The Miracle of the Splitting of the Veil

At the cross we see five miracles. Each of the miracles has a distinctive message. The first miracle, three hours of darkness in broad daylight, symbolized that Jesus took upon Himself the sins of the whole world. The second miracle, the miraculous splitting of the veil, symbolizes that we are all welcome into the presence of God. This is how God always wanted to relate to us.

Each year millions of people go to the holy Indian city of Haridwar to bathe in the River Ganges. These multitudes come believing that this Hindu ritual will wash away their sins.  Such extreme measures may be uncommon, but people try all sorts of things to build a relationship with God. The splitting of the veil reminds us that the death of Christ upon the cross gives us a way to have a relationship with God.

Matthew reported that the tearing of the veil happened simultaneous to Jesus breathing his last breath. (Matthew 27:50-51) Scholars debate which veil is being referenced. The temple would have had two curtains or veils—one separating the outer court from the Gentiles and another separating the inner court from the Holy of Holies. Since none of the Gospels indicate which veil, we do not know exactly, but in either case the issue is one of separation. The veil reminded that there was a barrier between sinful humanity and Holy God.

Understanding the purpose of the veil helps us to see the significance of this miracle.  The tearing of the veil symbolizes several aspects of the nature of our salvation. 

First, we see that salvation involves the removal of a barrier. The veil in the temple was a barrier. The first veil kept non-Jews from entering the inner courts. The second veil kept all, except the most High Priest, and this only once a year, from going into the Holiest of Holy Places. Sin is our barrier, but at the tearing of Christ’s flesh on the cross, the temple veil miraculously tore apart, thus symbolizing the removal of the barrier.

Second, in the tearing of the veil, we are reminded that God initiates salvation. Salvation is God’s idea, not our idea. Some have remarked that the Gospel writers were sure to indicate that the veil was torn from top to bottom. Perhaps this imagery is symbolic of God from Heaven ripping down the curtain.

Third, in the tearing of the veil, we are encouraged that God invites all to be saved. The temple being torn dramatically announces that access to God is open to all.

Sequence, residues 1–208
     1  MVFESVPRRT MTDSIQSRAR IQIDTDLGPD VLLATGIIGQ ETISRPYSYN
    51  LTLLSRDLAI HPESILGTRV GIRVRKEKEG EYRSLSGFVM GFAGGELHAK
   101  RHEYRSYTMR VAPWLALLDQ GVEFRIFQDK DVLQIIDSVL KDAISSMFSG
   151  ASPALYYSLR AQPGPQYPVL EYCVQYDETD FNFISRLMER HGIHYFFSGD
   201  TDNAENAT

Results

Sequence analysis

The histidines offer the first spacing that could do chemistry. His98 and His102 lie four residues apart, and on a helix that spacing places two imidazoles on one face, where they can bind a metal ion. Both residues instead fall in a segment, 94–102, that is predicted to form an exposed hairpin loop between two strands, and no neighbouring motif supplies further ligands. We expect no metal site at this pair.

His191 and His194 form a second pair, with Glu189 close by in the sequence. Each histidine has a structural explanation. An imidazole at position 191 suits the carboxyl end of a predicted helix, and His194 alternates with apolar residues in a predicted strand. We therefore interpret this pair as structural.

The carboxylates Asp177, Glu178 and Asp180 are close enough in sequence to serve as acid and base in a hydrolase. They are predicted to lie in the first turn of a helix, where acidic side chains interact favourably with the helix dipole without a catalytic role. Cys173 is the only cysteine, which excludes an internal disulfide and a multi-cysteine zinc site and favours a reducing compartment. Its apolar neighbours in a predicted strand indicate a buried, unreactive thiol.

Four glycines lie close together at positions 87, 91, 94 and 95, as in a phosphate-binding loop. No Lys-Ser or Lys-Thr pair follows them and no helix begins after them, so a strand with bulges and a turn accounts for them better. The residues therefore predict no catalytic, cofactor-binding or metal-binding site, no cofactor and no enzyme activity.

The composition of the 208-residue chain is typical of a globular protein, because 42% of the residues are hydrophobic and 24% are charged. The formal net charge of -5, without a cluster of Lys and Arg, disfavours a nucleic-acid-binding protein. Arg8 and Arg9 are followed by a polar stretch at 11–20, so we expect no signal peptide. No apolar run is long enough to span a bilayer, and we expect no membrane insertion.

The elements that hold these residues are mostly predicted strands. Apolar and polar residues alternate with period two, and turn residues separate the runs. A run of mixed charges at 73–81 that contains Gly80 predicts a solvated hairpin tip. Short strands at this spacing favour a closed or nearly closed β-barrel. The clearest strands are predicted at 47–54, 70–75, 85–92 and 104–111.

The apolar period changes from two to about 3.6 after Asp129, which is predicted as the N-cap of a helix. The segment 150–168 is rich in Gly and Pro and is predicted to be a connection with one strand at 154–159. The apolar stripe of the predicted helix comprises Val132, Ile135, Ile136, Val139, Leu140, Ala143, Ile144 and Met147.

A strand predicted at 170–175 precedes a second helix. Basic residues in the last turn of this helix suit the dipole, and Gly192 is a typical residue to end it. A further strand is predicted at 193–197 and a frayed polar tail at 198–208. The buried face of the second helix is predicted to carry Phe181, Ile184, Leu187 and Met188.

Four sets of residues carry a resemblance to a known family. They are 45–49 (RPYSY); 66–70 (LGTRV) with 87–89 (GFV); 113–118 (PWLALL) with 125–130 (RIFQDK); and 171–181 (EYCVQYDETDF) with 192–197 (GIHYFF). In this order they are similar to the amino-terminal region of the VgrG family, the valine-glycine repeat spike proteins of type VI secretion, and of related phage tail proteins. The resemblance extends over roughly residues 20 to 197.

Finally, the tearing of the veil insists that God is the only way of salvation. The simultaneous tearing of the veil with His death announces that we gain access to God only through the cross.

Yes, I think much more was happening than just a tearing of a veil. God was announcing through this miracle, as the writer of Hebrews declared, “Neither by the blood of goats and calves, but by his own blood he entered in once into the holy place, having obtained eternal redemption for us.” (Hebrews 9:12)  Hallelujah to the Lamb!

 

The Miracle of Darkness in the Day

Every Christian will agree that a great miracle occurred that Friday that Jesus took upon Himself the sin of the whole world. Actually, as Matthew related that scene, as recorded in Matthew 27:45-54, one can count as many as five miracles: the sun turning to darkness, the splitting of the temple veil, the shaking of the earth, the resurrection of dead people, and the response of the soldiers. In these miracles is the message of the cross. In the noonday darkness, we learn the first lesson of the cross. Though Paul did not refer to the darkness, his commentary on the cross in 2 Corinthians 5:21 is a good synopsis of the lesson from the darkness. “For He made Him who knew no sin to be sin for us, that we might become the righteousness of God in Him.”

Reason for the Darkness

Have you ever stopped to ponder the reason for the darkness? Considering the imagery of darkness in other moments of Biblical history, perhaps God was saying something in the darkness of Crucifixion Day. God seemed to use darkness in the period of the Exodus to indicate a significant moment. The ninth plague was total darkness for three days. Right before the plague of death, which was the tenth plague, was the darkness. God was announcing through darkness, “I’m up to something.” The darkness at the Exodus and at the cross announced, “Look, this is a Divine moment! Don’t miss it!”

Does your way seem kind of dark right now? Don’t be in despair! God may be about to make an announcement about your life! Darkness often comes before Divine moments.